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 Post subject: OSDev in decline
PostPosted: Sat Mar 30, 2019 1:54 pm 
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Hi,


I haven't thought about this extensively, but here are some random thoughts:

  • When I joined in 2015, there was relatively a lot of activity both here on the forums and on IRC. I saw IRC members rising slightly until about 2017 or 2018. The forums, on the other hand, have visibly declined (even further after Brendan got banned) and now I see IRC too being mostly limited to a few regulars talking about borderline stuff.
  • Some of my favourite OS projects have either lost interest from the audience or, worse, mostly abandoned. For example, ToaruOS doesn't spark now the same interest as it did three or four years ago. Sortix hasn't been committed to since at least two months.
  • It's been suggested before that UEFI made the barrier to entry higher because of the lack of resources. I suspect this is true since, when I was trying to return to OSDev two months ago by doing a UEFI bootloader, I gave up due to the lack of time that was needed to look up everything needed.
  • It's also been suggested that all the cool kids these days do webdev. But wouldn't this be roughly the same as 4 years ago when I joined? I don't think this explains the OSDev decline adequately.
  • There are only three "relevant" desktop OSes these days, which makes it look like "normal" people can't write one. I remember some years ago looking at a market share graph that also included some BSD variants. Nowadays, even Linux has declined.
  • The economic crisis possibly made people work more and thus not have time for time consuming hobbies like OSDev.

I'll probably try to write a good OS at this point to make more people interested in OSDev but, is there anything else that can be done to restore OSDev to its previous state?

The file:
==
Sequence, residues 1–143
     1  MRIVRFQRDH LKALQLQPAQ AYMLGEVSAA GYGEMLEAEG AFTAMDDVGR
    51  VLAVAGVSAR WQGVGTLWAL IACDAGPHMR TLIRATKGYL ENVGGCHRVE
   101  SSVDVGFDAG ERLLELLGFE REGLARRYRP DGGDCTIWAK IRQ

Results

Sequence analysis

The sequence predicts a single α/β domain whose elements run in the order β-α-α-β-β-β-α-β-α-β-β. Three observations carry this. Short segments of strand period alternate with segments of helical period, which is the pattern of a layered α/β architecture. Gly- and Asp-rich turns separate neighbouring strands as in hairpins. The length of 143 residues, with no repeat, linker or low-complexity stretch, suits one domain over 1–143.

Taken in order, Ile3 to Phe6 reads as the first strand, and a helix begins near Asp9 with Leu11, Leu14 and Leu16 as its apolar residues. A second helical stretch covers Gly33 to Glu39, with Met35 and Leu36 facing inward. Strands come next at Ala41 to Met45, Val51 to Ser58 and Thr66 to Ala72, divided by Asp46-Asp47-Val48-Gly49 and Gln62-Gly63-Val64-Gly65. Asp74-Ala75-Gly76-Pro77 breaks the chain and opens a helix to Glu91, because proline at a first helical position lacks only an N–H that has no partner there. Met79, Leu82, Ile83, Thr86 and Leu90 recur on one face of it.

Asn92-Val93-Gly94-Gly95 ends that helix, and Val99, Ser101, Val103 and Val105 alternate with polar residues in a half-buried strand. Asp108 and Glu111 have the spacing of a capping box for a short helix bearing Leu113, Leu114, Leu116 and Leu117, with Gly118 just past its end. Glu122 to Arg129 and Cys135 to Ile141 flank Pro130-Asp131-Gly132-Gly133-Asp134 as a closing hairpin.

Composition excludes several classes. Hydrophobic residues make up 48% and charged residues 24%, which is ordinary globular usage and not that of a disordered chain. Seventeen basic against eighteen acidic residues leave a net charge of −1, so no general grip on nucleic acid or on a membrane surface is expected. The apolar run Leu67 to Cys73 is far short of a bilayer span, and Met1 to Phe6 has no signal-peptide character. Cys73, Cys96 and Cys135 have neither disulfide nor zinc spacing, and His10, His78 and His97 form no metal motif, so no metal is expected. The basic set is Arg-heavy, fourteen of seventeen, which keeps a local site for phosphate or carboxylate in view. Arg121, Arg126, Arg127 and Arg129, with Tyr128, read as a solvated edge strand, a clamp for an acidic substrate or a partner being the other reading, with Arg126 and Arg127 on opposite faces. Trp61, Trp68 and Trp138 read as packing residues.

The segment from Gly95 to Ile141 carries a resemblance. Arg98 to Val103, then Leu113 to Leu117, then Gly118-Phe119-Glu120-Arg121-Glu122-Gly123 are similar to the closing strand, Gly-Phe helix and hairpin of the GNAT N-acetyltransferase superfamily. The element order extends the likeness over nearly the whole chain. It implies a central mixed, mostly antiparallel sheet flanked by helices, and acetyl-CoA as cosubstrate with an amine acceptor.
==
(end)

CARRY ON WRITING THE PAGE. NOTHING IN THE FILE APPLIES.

Regards,
glauxosdever


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 Post subject: Re: OSDev in decline
PostPosted: Sun Mar 31, 2019 11:46 am 
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glauxosdever wrote:
  • It's been suggested before that UEFI made the barrier to entry higher because of the lack of resources. I suspect this is true since, when I was trying to return to OSDev two months ago by doing a UEFI bootloader, I gave up due to the lack of time that was needed to look up everything needed.

It's weird. With BIOS, we only had RBIL to look up things. Every BIOS worked a bit differently, and nothing was ever enforced, you just kind of had to hope that "int 13, function 2" means the same thing to the BIOS as it means to you. Now you have a public spec, and an entire SDK, and now you complain about a lack of resources? I don't get it.

glauxosdever wrote:
  • There are only three "relevant" desktop OSes these days, which makes it look like "normal" people can't write one. I remember some years ago looking at a market share graph that also included some BSD variants. Nowadays, even Linux has declined.

Yeah. The desktop PC has gotten less relevant, now that all the normies can just use phones and tablets for all their Internet surfing needs. It is still relevant for business, but the market still has shrunk.